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Credit Counseling with the Sudbury Community Service Centre

Getting Your Finances Into Shape

Have you ever asked a professional to help you get in shape?

Whether it is through exercise, diet or both, thousands of people spend untold resources on personal trainers, nutrition counselors, memberships, equipment and books. Far fewer, however, take such a planned approach Ė or seek professional help Ė to get their financial situation back in shape. Those who do however, will usually see results that are positive, and often much longer lasting.

Helping people manage their finances is the mission of the 26 not-for-profit member agencies of the Ontario Association of Credit Counseling Services (OACCS). These agencies have a thirty year high rate of success, with less than 2% of clients needing to return for further counseling. The OACCS recommends a five-step plan for those who want to take control of their finances.

Where do I start?

After making a decision to improve your personal finances you must follow the following steps: setting goals, assessing resources, establishing the plan, controlling spending and assessing progress. Each of these steps will take you along the road to financial recover.

Why is goal setting so important?

Goal setting provides the motivation which drives the rest of the budgeting process and makes it easier to stay on track when temptations arise. Group your goals according to the time in which you could reasonable expect to meet them: short-term (less than a year), medium-term (one to ten years) and long-term (more than ten years). Be realistic and donít let your over-enthusiasm set you up for a fall. Instead, make your goals "S.M.A.R.T.", that is Specific, Measurable, Achievable based on your income, Relevant to your lifestyle and Tentative so that they are flexible enough to be changed if necessary.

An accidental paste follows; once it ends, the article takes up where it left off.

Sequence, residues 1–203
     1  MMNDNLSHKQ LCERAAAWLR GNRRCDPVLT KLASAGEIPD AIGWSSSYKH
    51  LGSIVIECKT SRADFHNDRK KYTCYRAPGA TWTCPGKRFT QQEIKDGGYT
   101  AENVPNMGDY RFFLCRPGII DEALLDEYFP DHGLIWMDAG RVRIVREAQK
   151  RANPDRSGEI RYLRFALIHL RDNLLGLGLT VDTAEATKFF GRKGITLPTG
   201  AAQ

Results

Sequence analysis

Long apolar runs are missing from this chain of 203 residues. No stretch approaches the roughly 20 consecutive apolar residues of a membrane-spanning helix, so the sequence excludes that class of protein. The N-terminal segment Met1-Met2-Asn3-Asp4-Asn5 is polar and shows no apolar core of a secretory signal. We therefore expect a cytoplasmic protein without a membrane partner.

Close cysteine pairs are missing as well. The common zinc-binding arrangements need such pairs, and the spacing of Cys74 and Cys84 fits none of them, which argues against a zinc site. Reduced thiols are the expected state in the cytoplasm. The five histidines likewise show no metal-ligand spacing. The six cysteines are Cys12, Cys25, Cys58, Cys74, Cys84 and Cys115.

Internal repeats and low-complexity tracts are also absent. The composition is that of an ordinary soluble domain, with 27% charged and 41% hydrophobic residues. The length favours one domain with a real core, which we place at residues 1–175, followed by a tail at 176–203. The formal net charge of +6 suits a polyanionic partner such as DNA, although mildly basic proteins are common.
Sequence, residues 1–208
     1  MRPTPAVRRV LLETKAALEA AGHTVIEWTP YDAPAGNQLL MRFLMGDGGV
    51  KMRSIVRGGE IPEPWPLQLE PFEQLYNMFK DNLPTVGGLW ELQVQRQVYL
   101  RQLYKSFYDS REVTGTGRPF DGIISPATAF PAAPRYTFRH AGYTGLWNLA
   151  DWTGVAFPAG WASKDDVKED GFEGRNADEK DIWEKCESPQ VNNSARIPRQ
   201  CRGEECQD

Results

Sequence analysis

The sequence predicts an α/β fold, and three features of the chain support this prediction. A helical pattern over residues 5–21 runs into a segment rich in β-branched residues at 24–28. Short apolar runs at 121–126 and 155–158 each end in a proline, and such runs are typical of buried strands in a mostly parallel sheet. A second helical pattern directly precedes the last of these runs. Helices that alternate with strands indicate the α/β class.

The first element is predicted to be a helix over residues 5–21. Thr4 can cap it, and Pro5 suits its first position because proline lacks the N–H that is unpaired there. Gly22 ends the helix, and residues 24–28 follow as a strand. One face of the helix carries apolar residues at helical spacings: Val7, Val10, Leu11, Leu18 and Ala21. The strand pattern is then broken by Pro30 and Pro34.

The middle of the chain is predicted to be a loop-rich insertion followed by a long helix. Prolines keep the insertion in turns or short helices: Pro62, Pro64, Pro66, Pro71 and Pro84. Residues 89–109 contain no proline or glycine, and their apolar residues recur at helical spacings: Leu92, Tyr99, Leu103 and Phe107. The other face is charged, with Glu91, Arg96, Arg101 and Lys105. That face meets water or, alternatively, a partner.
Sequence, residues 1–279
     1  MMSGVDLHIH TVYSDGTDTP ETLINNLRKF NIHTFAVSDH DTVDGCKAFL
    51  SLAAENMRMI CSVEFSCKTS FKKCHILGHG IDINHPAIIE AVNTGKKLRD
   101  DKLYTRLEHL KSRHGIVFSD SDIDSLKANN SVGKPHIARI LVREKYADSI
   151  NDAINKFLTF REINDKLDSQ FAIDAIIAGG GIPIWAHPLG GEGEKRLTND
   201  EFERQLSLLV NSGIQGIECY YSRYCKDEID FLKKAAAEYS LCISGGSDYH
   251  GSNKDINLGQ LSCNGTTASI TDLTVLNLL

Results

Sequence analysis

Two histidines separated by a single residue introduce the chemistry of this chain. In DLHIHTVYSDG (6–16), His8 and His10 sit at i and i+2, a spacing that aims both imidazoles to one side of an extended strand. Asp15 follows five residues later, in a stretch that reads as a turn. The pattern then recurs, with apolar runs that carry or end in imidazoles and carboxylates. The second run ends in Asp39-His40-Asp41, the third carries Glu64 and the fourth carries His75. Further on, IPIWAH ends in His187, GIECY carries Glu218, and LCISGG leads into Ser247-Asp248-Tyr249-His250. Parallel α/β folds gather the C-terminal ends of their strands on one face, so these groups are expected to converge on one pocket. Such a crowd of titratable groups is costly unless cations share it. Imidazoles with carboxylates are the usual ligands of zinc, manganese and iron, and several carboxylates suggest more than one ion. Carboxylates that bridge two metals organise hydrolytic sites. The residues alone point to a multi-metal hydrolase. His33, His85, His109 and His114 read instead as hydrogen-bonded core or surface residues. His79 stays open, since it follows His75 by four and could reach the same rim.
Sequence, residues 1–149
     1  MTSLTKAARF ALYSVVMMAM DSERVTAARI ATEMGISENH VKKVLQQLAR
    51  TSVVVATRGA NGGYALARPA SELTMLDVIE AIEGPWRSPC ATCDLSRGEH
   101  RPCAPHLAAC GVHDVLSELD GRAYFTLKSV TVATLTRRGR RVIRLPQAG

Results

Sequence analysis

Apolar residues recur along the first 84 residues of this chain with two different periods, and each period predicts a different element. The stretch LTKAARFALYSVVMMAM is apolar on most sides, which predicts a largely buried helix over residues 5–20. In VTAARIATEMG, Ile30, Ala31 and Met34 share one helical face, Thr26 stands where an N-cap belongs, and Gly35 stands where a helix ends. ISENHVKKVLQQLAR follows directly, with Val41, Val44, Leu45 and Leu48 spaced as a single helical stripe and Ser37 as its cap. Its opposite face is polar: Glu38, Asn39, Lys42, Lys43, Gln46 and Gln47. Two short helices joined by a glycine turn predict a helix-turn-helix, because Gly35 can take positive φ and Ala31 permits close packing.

How do I begin assessing my resources?

Determine what income your have each month then allocate it towards payment expenses, reducing debt and saving for your goals. Be conservative in your estimate, leaving out variables like overtime and bonuses. Those extra amounts Ė if they materialize Ė can then be designated of special extras, whether purchases or savings. If they donít come your way, it wonít hamper your ability to live within your budget. If your income fluctuates month to month, use a low month or a monthly average as your budget base.

How do I establish a plan?

The spending plan, either on a piece of paper or computer spreadsheet, is a picture of how you will allocate your money each month. Divide your expenses into four general categories: fixed expenses, debt payments, savings for goals and discretionary expenses. The first three are essential, and the last is what you would do if you had money left over. Designate your income over these categories in order of importance, constantly asking yourself if the item is a "want" or a "need".

How do I control my spending?

Once youíve allocated your expenses, track them to ensure you donít put out more than youíve budgeted. This is the key to making your budget work. Keep a small notebook with you and record expenditures as they happen. Record all expenditures as even the seemingly insignificant purchases can quickly add up. Compare these to your budget to see how and where it varies, then make the necessary adjustments. For instances, if you are spending three weeks grocery money in two weeks, determine why. It may be that, because of sales, you purchased three weeks worth of food. On the other hand, it may be due to impulse buys that were "wants" instead of "needs"

How can I assess my progress?

As with any plan, itís important to step back occasionally and see how well youíre doing. Remember, good financial planning will become a habit but itís a habit that has to be learned and practiced before it comes to you naturally. Like all personal improvement plans you have to stick with it to make it work, but by keeping a positive attitude and looking for ways to improve your budget and record keeping, youíll begin to see your money work for you.


For more information contact the Sudbury Community Service Centre at (705) 560-0430 or 1-800-685-1521.


 

 

 

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